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Self-reliance, targeted investment spell captive success: Risk Management Summit<sup>®</sup>

Self-reliance, targeted investment spell captive success: Risk Management Summit&lt;sup&gt;&reg;&lt;/sup&gt;

NEW YORK—The risk management philosophy at New York-based Tishman Construction Corp. holds closely to the old adage that, in order to get something done correctly, it's often best to do it yourself.

Since January 2002, Tishman has been financing certain risks—including commercial general liability, professional liability, employment practices liability and workers compensation—through its captive insurer, TRIMCO Insurance Co.

The captive also insures CGL; workers comp; professional risk; nuclear, chemical, radiological and biological; and property terrorism risks for sister company Tishman Hotels & Real Estate.

During that time, said Tishman Executive Vp William Motherway, the companies have not only kept losses consistently low, but also significantly reduced premium and operational costs on several fronts. As a result, Mr. Motherway said during a presentation at the third annual Business Insurance Risk Management Summit® in New York, TRIMCO has produced $2 million to $3 million in net proceeds annually for Tishman.

“I don't think that anything Tishman or TRIMCO does is particularly innovative,” Mr. Motherway said during the presentation. “What we are is very aggressive with our risk management program.”

More than anything, Mr. Motherway said, Tishman's success with its captive programs is owed to its culture of self-reliance.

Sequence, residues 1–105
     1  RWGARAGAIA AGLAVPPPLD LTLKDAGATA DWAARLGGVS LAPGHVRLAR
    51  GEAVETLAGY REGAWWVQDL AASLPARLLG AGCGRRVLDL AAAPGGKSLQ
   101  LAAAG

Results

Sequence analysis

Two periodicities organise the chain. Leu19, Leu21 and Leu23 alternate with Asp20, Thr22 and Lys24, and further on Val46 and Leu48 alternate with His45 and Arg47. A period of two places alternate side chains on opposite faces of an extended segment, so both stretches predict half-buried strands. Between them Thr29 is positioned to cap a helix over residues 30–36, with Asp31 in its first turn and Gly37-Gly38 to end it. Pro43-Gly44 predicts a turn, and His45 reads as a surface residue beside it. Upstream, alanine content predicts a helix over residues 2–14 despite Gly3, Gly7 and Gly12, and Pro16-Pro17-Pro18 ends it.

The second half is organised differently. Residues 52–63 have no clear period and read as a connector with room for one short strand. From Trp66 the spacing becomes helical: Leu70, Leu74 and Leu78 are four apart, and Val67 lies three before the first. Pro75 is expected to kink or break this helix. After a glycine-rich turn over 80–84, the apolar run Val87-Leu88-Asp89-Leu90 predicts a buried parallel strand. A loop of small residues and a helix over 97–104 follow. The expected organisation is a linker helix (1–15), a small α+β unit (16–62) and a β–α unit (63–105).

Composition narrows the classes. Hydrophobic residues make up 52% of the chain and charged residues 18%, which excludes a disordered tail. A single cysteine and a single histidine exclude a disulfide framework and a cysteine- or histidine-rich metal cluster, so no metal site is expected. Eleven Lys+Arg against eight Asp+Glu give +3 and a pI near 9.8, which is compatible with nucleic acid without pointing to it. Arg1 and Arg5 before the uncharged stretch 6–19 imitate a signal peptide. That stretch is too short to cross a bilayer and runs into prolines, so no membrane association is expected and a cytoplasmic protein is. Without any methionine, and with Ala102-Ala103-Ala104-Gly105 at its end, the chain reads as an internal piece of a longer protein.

“As a family-owned company (at the time of TRIMCO's launch), we wanted to do everything ourselves,” Mr. Motherway said.

Through TRIMCO, Tishman internalized several operations that otherwise might have required a third-party administrator or consultant for the construction and hotel/real estate companies, including safety management, actuarial and regulatory review, selection of legal counsel and claims management, he said.

TRIMCO also handles brokerage services for exposures not covered by the captive and insured through the standard market.

Having those capabilities in-house not only lowers the aggregate cost of managing risk—TRIMCO's operational costs are approximately $180,000 per year—it also provides services that are tailored to Tishman's operational standards and priorities, Mr. Motherway said.

“We think that by doing it that way, it's going to get done right,” he said. “Using this model, we're able to make money off of the program; and by making money, we're able to invest further in our risk management department.”

Mr. Motherway said consistent investment of money and personnel are crucial for companies looking to duplicate Tishman's success with a captive insurance program.

“It takes an absolute commitment to risk management,” Mr. Motherway said. “If you want this kind of program to work and you want it to make money, you have to stay involved and you have to realize that it's going to take a little investment in personnel. You can't do this kind of work with just one or two people; you need to build a staff.”

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